Hard Times

There is talk of economic recovery, unemployment has fallen and people are spending more. And yet for many, life still feels hard. A recent Guardian poll found that while 56% agree that the economy is recovering, just 18% believed their family had benefited from growth. People are also worrying about the future. Only 20% think that the economic recovery will mean the next generation will be better off than themselves. Why is Britain so anxious?

It is clear that there is public uncertainty about the long term impact of the current austerity programme and what it means for the shape of our society, the way we work, where we live and how public services are delivered. But at the same time there is little serious debate among politicians and in the mainstream media about serious alternatives.

This week Lacuna continues to challenge the accepted wisdom on austerity with a series of articles offering debate and alternative visions for a prosperous society. Take unemployment. Official statistics suggest unemployment is falling, but what does that actually mean and why is it so important? These are just some of the questions posed by Nick Taylor in his historical essay on how language has shaped the way we think about work and workers. He argues that investigating the language used to categorise people (e.g. deserving and undeserving poor) is a vital step in contesting the stigmatization of the unemployed in modern society.

Human rights advocates will be familiar with the political use of language to shape and distort reality. In an exclusive interview with Lacuna, Professor Alan Miller, chair of the Scottish Human Rights Commission, describes the rhetoric about human rights from the Westminster bubble as ‘toxic’. North of the border, the situation looks very different: human rights are embraced by politicians and play an increasingly important role in shaping responses to austerity and visions of future prosperity.

In the context of the vote on Scottish independence, it feels like competing visions of future prosperity are really being considered and debated. But, James Harrison argues in our series Perspectives on Prosperity’,too often the only question asked about austerity is, are you for or against? With this in mind, Lacuna commissioned a series of articles from groups already thinking about these issues.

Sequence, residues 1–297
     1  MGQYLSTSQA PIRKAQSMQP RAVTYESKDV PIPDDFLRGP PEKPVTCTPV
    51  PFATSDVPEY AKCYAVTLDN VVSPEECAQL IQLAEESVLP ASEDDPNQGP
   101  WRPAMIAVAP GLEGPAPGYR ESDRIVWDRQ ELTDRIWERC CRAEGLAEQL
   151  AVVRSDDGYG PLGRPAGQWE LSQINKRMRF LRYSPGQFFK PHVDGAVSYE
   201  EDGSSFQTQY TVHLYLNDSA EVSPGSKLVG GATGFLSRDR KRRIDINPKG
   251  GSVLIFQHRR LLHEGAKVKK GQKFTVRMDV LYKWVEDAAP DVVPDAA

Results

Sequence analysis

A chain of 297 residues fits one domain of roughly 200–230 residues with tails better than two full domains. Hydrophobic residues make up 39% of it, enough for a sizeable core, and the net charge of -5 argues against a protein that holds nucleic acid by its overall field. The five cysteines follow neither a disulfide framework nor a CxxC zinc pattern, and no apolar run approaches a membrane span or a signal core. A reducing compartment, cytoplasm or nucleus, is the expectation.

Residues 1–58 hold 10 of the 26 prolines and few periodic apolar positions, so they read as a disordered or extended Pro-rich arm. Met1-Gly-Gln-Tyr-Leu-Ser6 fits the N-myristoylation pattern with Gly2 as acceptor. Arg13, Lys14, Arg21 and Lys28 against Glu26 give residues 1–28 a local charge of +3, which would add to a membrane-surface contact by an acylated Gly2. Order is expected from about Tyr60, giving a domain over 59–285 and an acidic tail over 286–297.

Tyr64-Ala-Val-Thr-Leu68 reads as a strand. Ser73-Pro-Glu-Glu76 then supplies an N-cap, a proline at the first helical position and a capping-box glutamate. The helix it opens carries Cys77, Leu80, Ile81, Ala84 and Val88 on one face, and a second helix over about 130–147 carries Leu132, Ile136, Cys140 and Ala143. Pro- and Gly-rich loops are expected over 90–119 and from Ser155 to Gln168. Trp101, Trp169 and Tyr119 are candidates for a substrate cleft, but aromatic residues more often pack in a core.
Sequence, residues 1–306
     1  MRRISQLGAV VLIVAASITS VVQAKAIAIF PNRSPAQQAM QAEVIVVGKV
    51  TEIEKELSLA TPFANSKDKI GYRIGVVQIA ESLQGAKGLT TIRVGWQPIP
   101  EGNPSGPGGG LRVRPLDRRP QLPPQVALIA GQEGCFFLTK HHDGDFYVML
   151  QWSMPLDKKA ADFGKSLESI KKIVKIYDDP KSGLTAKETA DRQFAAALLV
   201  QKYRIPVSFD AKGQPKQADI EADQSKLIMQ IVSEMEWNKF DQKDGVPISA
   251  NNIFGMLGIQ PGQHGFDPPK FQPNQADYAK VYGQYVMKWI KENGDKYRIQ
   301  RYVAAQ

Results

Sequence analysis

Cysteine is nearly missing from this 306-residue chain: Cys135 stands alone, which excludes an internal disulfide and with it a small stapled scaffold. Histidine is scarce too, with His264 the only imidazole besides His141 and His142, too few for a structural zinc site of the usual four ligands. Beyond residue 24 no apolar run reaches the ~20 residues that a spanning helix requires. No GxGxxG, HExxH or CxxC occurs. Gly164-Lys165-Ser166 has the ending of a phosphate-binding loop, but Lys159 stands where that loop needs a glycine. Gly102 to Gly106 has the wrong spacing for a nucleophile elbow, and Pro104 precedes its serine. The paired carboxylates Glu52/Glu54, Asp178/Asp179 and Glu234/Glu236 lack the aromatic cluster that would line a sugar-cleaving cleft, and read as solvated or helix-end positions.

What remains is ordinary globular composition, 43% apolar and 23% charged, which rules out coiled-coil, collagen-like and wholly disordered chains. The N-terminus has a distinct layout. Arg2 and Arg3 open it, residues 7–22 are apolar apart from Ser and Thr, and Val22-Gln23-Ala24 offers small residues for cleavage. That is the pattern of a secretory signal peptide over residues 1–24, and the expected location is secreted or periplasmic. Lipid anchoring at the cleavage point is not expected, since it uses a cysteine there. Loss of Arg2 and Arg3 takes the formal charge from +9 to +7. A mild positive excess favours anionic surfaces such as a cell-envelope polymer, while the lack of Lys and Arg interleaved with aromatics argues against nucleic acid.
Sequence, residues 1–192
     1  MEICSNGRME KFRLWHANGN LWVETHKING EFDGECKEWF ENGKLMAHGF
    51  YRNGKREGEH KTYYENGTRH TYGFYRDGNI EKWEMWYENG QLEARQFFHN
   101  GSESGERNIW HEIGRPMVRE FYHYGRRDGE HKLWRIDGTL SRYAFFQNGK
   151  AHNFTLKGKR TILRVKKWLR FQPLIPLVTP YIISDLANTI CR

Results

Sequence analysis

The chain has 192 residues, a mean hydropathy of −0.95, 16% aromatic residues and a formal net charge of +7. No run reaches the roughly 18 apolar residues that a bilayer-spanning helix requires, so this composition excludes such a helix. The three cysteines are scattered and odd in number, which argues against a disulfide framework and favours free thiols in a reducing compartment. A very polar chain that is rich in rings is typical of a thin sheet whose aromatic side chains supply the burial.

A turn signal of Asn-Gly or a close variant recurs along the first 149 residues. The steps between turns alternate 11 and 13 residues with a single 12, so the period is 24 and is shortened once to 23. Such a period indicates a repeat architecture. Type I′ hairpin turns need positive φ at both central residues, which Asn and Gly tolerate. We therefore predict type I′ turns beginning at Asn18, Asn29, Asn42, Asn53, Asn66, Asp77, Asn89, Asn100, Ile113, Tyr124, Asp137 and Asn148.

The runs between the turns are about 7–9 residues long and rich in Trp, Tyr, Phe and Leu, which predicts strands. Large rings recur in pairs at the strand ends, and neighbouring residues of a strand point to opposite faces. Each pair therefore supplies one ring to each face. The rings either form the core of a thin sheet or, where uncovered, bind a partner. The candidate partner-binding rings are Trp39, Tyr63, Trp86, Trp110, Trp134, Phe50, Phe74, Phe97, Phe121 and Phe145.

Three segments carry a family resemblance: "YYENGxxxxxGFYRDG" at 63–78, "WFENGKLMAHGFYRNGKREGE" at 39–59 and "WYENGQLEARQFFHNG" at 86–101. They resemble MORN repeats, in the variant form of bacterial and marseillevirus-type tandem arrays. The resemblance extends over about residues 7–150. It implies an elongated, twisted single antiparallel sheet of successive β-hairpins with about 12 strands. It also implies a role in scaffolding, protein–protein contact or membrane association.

Lewis Brown from the Centre for Policy Studies argues that the only way to build sustained prosperity for all is to re-create Margaret Thatcher’s vision of a smaller state and lower taxes. Meanwhile Neal Lawson and Arrun Degenhardt from Compass want government to transform the economy to create a more equal society, using the proceeds of taxes on financial transactions and other reforms to invest in greener, more sustainable growth. The Womens Budget Group also suggest a complete transformation of the economy – a feminist plan (‘Plan F’) built on social infrastructure spending in areas such as education, health, and care work. Finally, the New Local Government Network presents a vision of what a good society looks like, based on quality of life and the reciprocal strength of local communities.

But what about anxious Britain? How can members of the public engage in meaningful discussion about prosperity and austerity? Lacuna writer Natalie Byrom went along to a People’s Assembly meeting to find out. There she met activists and ordinary people angry about the impact of austerity on their lives and communities. The gripes and fears that initially appear disparate and unfocused, become a powerful, collective force when guided with a soaring speech by author and campaigner Owen Jones. What is his message? Hope.

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